Visiting Artist: Ruchika Madan

Saturday, May 18, 2019 -
10:00am to 4:00pm


VISITING ARTIST: Ruchika Madan: Surface & Pattern, Design & Technique

Saturday, May 18, 10am – 4 pm

Tuition: $150.00, members $75.00

Looking at a beautifully layered surface may not easily reveal the combined elements used to create the depth and richness of the final effect. In this workshop Ruchi will break down the techniques she uses in her work to develop a pattern or surface design. She will walk through some complex surfaces to parse out the individual techniques, and demonstrate the methods and materials used. Students will have the opportunity to try out various elements on their own work. We will discuss the process of testing and evaluating results, understanding the nature of each material, and developing a personal library of surface ideas.

Demonstrations and discussions will cover incising, carving, sgraffito, slip decoration (brushing, trailing, stencils, inlay), resist, underglazes, glazes and transfers.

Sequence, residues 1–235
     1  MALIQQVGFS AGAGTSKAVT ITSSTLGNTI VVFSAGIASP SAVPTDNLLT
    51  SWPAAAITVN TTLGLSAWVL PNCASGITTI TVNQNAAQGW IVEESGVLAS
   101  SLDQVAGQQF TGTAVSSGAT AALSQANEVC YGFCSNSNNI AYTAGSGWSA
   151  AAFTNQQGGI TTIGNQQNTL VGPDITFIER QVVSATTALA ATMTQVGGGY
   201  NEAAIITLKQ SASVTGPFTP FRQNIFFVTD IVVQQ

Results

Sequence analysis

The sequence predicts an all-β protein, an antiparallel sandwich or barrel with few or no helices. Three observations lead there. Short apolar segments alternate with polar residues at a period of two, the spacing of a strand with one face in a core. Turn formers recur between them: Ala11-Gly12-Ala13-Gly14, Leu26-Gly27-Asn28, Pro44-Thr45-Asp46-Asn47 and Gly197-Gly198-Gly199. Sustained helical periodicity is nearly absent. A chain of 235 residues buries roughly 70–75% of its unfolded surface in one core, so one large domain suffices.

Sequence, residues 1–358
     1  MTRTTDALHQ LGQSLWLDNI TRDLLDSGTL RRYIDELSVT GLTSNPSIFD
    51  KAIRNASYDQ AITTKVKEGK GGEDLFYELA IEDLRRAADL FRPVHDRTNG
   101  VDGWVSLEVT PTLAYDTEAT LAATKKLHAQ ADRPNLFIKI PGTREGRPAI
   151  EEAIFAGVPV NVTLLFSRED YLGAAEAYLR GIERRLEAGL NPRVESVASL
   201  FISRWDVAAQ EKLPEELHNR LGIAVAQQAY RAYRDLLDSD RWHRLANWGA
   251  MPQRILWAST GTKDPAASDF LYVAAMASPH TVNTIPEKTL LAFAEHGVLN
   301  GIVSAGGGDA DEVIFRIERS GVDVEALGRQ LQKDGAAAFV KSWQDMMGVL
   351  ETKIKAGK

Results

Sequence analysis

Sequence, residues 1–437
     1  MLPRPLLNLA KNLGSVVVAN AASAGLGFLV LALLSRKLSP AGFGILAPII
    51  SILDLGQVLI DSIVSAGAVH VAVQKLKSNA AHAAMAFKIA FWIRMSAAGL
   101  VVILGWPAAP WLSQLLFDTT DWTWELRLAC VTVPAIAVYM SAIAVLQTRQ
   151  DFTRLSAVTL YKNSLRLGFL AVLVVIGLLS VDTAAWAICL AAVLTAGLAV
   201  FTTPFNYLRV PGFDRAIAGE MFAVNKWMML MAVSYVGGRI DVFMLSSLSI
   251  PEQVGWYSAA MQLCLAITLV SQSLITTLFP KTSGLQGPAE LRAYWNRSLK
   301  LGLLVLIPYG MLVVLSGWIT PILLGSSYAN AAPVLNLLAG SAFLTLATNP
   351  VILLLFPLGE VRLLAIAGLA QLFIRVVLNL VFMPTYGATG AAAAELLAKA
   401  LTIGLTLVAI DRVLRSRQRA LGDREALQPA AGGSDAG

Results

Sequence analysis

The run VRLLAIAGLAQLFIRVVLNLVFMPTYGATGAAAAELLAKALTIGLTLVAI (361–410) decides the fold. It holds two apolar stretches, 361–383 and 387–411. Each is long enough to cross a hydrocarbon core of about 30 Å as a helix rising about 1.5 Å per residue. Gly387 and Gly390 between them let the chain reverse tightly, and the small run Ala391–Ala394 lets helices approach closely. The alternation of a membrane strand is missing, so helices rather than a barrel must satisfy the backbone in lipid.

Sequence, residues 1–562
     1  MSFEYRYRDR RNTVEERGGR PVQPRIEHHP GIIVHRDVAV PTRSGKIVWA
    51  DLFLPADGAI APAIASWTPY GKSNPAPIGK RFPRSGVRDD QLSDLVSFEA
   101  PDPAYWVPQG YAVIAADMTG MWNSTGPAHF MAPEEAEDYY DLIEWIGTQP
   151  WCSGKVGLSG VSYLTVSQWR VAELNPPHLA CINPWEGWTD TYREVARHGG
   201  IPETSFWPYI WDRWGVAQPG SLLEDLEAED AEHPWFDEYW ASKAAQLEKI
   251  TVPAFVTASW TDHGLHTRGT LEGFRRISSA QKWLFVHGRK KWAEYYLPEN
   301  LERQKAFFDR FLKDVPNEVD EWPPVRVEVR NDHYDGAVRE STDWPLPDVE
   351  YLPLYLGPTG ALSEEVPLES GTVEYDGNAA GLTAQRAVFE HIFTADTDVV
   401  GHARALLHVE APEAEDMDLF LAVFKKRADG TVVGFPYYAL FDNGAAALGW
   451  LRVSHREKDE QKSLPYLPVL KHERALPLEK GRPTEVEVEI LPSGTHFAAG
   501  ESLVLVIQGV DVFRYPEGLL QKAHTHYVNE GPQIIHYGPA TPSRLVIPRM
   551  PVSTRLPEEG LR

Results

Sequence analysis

Ruchika was Mudflat’s Artist in Residence, 2000-2001.

Ruchika has been working primarily in clay as a studio potter and tile maker, and teaching ceramics for the past 20 years. She earned a BFA degree from Maine College of Art and was in the Post- Baccalaureate Program at the University of Massachusetts at Dartmouth. She has sold and exhibited her work through fine craft galleries and exhibitions as well as retail shows, and also specializes in custom tile work.

“My work is made from white stoneware and porcelain clay using a variety of forming techniques. These include wheel-throwing, slab-building and slip-casting. I choose strong clean forms, with soft corners and planes for experimentation with line drawing, texture and color. The surface is created by incising and carving, and brushing, stenciling, and trailing slip. Using a variety of glaze and underglaze materials, I can vary the line quality. By applying the glazes to selected areas with a brush, some areas can be shiny, while others remain softly matte. All pieces are oxidation-fired to cone 6.”


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